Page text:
Natural and social factors will have an important impact on the development of the COVID-19 epidemic. In terms of natural factors, the impacts of environmental temperatures on the spread of SARS-CoV-2 have been preliminarily studied [13]. There are more natural factors affecting COVID-19 that warrant further study. The impact of extreme meteorological disasters on the spread of SARS-CoV-2 has not yet been reported. The combined impact of COVID-19 and natural disasters may increase the severity of harm to humans. A series of studies have been carried out on the impact of social factors such as poverty [32], social distancing policies [33] and income gap factors [34] on the epidemic. Evidence shows that exposure to air pollution might be an additional factor influencing COVID-19 morbidity and mortality rates [35]. Further, COVID-19 will also have a profound impact on the natural environment and society as a whole. Studies have shown that COVID-19 lockdowns may change the way the earth moves [36]. COVID-19 lockdown measures cause changes in human activities, which may cause global quieting of high-frequency seismic noise [37]. The most direct interactive impact is that the COVID-19 pandemic has caused the medical service system to function at full capacity or has even overloaded it, which poses a challenge for health systems to meet the needs of epidemic prevention and control as well as daily medical needs. For instance, the global pandemic of COVID-19 can, in some areas, interrupt the continuity of medical services for AIDS, tuberculosis, malaria, and tumors [38, 39]; delay diagnosis for some cancer patients [40]; and will lead to a decline in global fertility [41]. It will also have profound effects on children such as lower academic achievement, poverty, and hunger [42]. These effects are developing along with the COVID-19 epidemic itself. If there is insufficient preparation or an improper response, the impact of COVID-19 may become even more serious than the epidemic itself.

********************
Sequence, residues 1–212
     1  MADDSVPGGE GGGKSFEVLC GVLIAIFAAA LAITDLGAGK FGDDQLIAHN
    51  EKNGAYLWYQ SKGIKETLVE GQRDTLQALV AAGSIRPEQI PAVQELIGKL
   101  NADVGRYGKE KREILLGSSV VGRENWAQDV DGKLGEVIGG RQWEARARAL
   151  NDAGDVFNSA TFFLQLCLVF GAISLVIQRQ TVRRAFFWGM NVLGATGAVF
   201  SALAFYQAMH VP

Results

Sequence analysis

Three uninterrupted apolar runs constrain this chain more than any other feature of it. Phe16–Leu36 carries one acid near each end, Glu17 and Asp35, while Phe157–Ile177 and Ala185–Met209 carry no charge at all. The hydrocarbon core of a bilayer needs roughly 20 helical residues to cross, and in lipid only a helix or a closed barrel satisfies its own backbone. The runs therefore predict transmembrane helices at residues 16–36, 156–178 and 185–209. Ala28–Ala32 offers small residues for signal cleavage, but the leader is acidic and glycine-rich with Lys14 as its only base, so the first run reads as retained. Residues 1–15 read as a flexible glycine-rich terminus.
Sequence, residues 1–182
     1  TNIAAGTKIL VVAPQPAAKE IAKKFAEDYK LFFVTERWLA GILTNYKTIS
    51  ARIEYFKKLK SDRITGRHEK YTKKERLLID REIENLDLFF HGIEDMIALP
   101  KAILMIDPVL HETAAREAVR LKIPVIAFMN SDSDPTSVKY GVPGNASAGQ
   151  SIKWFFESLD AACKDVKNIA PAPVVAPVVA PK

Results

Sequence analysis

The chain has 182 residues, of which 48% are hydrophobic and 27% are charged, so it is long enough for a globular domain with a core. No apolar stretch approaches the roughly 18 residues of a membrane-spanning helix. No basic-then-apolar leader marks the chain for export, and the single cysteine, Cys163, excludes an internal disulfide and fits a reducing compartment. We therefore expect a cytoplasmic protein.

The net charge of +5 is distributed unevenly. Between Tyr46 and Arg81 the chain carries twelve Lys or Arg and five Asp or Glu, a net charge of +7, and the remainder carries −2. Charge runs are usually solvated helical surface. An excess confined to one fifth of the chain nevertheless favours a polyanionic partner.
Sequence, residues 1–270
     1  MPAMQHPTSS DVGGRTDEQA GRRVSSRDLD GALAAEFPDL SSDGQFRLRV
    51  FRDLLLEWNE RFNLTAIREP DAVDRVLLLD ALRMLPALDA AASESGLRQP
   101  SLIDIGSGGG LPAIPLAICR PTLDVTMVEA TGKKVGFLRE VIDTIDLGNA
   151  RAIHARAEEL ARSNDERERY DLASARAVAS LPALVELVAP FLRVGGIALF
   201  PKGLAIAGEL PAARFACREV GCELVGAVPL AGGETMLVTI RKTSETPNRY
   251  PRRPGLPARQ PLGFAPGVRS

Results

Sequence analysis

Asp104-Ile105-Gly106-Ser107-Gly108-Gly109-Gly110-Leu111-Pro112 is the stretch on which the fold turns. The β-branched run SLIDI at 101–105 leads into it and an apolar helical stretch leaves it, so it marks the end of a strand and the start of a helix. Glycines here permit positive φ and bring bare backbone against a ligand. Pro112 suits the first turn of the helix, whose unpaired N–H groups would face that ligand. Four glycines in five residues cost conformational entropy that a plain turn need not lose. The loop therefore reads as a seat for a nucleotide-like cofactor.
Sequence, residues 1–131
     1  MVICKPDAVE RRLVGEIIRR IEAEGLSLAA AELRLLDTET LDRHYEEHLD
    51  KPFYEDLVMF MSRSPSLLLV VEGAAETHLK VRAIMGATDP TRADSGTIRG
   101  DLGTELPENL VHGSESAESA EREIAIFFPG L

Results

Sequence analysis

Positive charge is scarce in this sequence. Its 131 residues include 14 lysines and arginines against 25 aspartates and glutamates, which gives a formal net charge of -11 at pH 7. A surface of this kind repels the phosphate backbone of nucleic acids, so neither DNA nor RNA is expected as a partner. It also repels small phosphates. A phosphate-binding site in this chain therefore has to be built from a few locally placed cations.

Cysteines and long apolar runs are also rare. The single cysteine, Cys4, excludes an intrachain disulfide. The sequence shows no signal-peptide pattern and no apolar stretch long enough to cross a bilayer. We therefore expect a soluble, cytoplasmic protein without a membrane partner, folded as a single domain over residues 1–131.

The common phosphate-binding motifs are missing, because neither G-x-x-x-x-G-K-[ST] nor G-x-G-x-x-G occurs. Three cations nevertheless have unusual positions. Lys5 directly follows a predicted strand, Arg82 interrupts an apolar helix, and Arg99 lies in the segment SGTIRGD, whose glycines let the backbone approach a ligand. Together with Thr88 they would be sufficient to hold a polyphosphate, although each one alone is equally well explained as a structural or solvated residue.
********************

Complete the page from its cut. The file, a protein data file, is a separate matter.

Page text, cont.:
The priority to focus on vulnerable populations and links with epidemic prevention and control

During the COVID-19 pandemic, the overall effect of epidemic prevention and control depends strongly on the impact on the weakest and most vulnerable parts of society. People as a whole are generally susceptible to SARS-CoV-2, but people with chronic underlying diseases may see an increased risk of severe COVID-19 infection [43]. This is an issue that needs particular attention. As the shortcomings of epidemic prevention and control are examined, rapid detection capabilities for SARS-CoV-2 must be mentioned. One of the important reasons for large-scale outbreaks of COVID-19 in localized areas is that the SARS-CoV-2 nucleic acid detection capabilities cannot keep up with the surge in the population that needs to be tested. This shortcoming of in curbing the epidemic should be addressed as a priority. Low-income countries and regions will face serious challenges in epidemic prevention and control, and require humanitarian assistance and medical resources for life-saving and preventative measures [44]. One of the needs of epidemic prevention and control is that free nucleic acid test should be carried out for poorer populations needing screening. For economically vulnerable social groups, epidemic-related care costs should be provided in order to allow temporary healthcare security. Vulnerable groups and vulnerable links in prevention and control may exist for a long time, or they may change following active support. It is also possible that new vulnerable groups or new vulnerable links in prevention and control will be discovered. Although low-income countries have obvious vulnerabilities in epidemic prevention and control due to their poor health infrastructure, as long as effective measures of COVID-19 are taken, these vulnerabilities can be significantly reduced [45]. Enough attention should be paid to the provision of mental health services for those infected or people whose loved ones contracted COVID-19 [46, 47].

The new risk prevention and control of the spread of COVID-19 under the new normal

Recently, the issue of whether SARS-CoV-2 is spread through wet markets, live poultry trading markets, or through food from high-risk areas has attracted widespread attention. According to reports [48], SARS-CoV-2 on the outer packaging of imported cold chain-products has been detected. Such occurrences should be considered as new risk factors and effective preventive measures should be taken. In the evolution of the COVID-19 epidemic, new risk factors that need to be studied may continue to increase. It is necessary to neither under-react nor over-react to potential new risk factors in order to carefully confirm or eliminate those potentially related to the COVID-19 epidemic. This is also the new normal of current epidemic prevention and control.

Implementing COVID-19 prevention and control measures based on risk levels, actual needs and the effects of epidemic prevention and control